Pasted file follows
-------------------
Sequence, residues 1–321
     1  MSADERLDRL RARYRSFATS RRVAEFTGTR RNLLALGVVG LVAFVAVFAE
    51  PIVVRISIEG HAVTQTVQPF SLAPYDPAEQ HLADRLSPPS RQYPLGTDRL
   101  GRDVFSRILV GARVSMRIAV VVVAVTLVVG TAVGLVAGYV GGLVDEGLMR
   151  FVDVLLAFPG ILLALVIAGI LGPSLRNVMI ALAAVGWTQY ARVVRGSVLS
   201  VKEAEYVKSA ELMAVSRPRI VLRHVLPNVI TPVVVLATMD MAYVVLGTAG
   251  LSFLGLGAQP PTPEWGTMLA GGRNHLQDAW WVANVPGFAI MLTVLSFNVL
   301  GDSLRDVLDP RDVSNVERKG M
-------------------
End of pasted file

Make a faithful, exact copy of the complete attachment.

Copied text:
Sequence, residues 1–321
     1  MSADERLDRL RARYRSFATS RRVAEFTGTR RNLLALGVVG LVAFVAVFAE
    51  PIVVRISIEG HAVTQTVQPF SLAPYDPAEQ HLADRLSPPS RQYPLGTDRL
   101  GRDVFSRILV GARVSMRIAV VVVAVTLVVG TAVGLVAGYV GGLVDEGLMR
   151  FVDVLLAFPG ILLALVIAGI LGPSLRNVMI ALAAVGWTQY ARVVRGSVLS
   201  VKEAEYVKSA ELMAVSRPRI VLRHVLPNVI TPVVVLATMD MAYVVLGTAG
   251  LSFLGLGAQP PTPEWGTMLA GGRNHLQDAW WVANVPGFAI MLTVLSFNVL
   301  GDSLRDVLDP RDVSNVERKG M